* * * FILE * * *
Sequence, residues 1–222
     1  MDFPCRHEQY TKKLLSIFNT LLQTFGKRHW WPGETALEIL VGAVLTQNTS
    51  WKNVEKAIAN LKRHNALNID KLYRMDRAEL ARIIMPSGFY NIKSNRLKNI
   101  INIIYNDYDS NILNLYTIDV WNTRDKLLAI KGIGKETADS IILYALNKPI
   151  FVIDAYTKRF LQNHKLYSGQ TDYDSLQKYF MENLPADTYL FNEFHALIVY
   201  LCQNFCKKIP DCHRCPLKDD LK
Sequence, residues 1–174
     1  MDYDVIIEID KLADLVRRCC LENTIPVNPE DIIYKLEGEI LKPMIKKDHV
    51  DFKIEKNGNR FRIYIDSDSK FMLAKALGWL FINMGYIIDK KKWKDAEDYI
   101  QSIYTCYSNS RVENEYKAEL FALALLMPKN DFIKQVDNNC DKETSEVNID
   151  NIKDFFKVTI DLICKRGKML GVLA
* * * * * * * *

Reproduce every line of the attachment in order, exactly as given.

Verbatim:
Sequence, residues 1–222
     1  MDFPCRHEQY TKKLLSIFNT LLQTFGKRHW WPGETALEIL VGAVLTQNTS
    51  WKNVEKAIAN LKRHNALNID KLYRMDRAEL ARIIMPSGFY NIKSNRLKNI
   101  INIIYNDYDS NILNLYTIDV WNTRDKLLAI KGIGKETADS IILYALNKPI
   151  FVIDAYTKRF LQNHKLYSGQ TDYDSLQKYF MENLPADTYL FNEFHALIVY
   201  LCQNFCKKIP DCHRCPLKDD LK
Sequence, residues 1–174
     1  MDYDVIIEID KLADLVRRCC LENTIPVNPE DIIYKLEGEI LKPMIKKDHV
    51  DFKIEKNGNR FRIYIDSDSK FMLAKALGWL FINMGYIIDK KKWKDAEDYI
   101  QSIYTCYSNS RVENEYKAEL FALALLMPKN DFIKQVDNNC DKETSEVNID
   151  NIKDFFKVTI DLICKRGKML GVLA